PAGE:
This may well prove to be the case, but although retail spend was up against last year in July, there is still some way to go before retailers are likely to emerge from their foxholes and start spreading their new store wings once more. This is likely to mean that big projects, other than in the supermarket sector, are going to remain in short supply and that there will be few guarantees about the future for shopfitters.

This does not explain the small number of respondents in the survey – just five out of 23 – that say retail is not a good place to be at the moment. Once more, blind faith might appear to be carrying many through – although it is worth remarking that the number of firms prepared to say it’s not worth bothering with retail in a magazine read by retailers is, inevitably, limited.

There are of course exceptions to the gloom about this year. Both NJL Yorkline and ISG Cathedral appear to be producing market-busting results, with double-digit increases against last year. For ISG Cathedral, this may have much to do with its seemingly inexhaustible appetite over the past two years for acquiring rival firms. This has seen the shopfitter changing its name to incorporate new add-ons almost as frequently as it has mopped up other shopfitters.
It may also serve as a pointer towards sector consolidation, something that has been much talked-about during the course of this decade, but which, to date, has yet to become a reality.

That said, ISG Cathedral, like Patton Fit-Out, may have winning ways as far as maintaining revenues are concerned, but no matter how many acquisitions are made, work still has to be won and retailers need to be persuaded to part with their capital.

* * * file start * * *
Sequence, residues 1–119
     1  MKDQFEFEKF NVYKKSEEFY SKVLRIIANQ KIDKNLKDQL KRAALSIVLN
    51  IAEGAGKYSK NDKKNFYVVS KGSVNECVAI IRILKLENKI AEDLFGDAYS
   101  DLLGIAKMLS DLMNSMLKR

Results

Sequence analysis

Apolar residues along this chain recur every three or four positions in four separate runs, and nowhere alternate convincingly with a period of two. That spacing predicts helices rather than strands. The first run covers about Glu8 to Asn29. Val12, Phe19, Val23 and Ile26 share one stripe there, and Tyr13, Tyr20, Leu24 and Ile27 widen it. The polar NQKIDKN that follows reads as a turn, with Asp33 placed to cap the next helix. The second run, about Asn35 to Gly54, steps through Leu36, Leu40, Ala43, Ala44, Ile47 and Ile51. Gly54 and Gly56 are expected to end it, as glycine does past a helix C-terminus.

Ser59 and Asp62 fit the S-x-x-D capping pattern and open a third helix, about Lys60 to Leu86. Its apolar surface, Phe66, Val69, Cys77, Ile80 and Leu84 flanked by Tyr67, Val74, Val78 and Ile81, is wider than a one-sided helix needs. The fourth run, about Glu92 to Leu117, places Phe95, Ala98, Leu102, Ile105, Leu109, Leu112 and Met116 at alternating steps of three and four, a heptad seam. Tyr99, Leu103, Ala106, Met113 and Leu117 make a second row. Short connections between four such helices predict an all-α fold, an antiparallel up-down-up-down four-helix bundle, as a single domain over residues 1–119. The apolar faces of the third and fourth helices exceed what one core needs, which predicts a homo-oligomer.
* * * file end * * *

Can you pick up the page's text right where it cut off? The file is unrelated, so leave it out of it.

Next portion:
And when it comes to winning work, the overwhelming majority of those that took part in the survey stated that keeping close to existing clients was the principal way in which this could be achieved. Speak to any shopfitter and it isn’t long before the spectre of online tendering – a form of Dutch auction where the lowest price wins – is mentioned. This might well undermine the “love your client” strategy, but the counter argument would be that retailers need reliability of supply as much as they show a preference for low price.

The shopfitting sector is surrounded by much uncertainty at the moment, but outcomes are far from predetermined. According to NAS director Robert Hudson the savage declines encountered by some shopfitters during the first half of this year may now be subsiding, but this does not mean that a recovery is under way.

“There is evidence that we have come out of the nose dive that was evident, particularly in the first quarter. The smaller shopfitting sector [employing less than 50 people] has seen confidence rise about 21% and those employing more than 50 about 13%.

“The NAS crystal ball continues to tell us that we are travelling along a bumpy road as the economy rebalances and it is likely to be the second or third quarter of 2010 before we get out of the potholes. I would see it recovering to a more normal market in 2011.”

Tough times then, but things are not terminal. Optimism may be the hallmark of the shopfitter, but retailers will continue to need to update their portfolios and, from time to time, to open or relocate a few stores. In the words of those who once appeared to know: “Things can only get better” (© New Labour, 1997).